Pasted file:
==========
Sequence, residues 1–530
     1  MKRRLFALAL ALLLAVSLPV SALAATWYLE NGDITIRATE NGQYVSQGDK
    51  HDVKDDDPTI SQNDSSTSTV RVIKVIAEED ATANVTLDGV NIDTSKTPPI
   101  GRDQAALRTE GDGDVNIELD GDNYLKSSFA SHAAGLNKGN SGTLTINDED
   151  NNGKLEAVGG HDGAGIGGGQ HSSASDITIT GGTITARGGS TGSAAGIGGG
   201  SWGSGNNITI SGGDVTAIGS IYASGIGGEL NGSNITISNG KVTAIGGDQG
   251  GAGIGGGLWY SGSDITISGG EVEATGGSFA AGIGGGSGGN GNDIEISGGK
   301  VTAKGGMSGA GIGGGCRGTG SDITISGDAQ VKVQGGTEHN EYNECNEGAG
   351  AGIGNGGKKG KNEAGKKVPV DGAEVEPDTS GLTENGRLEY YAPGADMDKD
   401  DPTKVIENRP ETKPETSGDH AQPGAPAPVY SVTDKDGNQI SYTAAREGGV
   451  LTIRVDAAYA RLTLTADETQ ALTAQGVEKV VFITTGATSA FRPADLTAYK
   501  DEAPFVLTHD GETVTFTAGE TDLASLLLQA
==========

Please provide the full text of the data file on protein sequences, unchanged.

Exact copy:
Sequence, residues 1–530
     1  MKRRLFALAL ALLLAVSLPV SALAATWYLE NGDITIRATE NGQYVSQGDK
    51  HDVKDDDPTI SQNDSSTSTV RVIKVIAEED ATANVTLDGV NIDTSKTPPI
   101  GRDQAALRTE GDGDVNIELD GDNYLKSSFA SHAAGLNKGN SGTLTINDED
   151  NNGKLEAVGG HDGAGIGGGQ HSSASDITIT GGTITARGGS TGSAAGIGGG
   201  SWGSGNNITI SGGDVTAIGS IYASGIGGEL NGSNITISNG KVTAIGGDQG
   251  GAGIGGGLWY SGSDITISGG EVEATGGSFA AGIGGGSGGN GNDIEISGGK
   301  VTAKGGMSGA GIGGGCRGTG SDITISGDAQ VKVQGGTEHN EYNECNEGAG
   351  AGIGNGGKKG KNEAGKKVPV DGAEVEPDTS GLTENGRLEY YAPGADMDKD
   401  DPTKVIENRP ETKPETSGDH AQPGAPAPVY SVTDKDGNQI SYTAAREGGV
   451  LTIRVDAAYA RLTLTADETQ ALTAQGVEKV VFITTGATSA FRPADLTAYK
   501  DEAPFVLTHD GETVTFTAGE TDLASLLLQA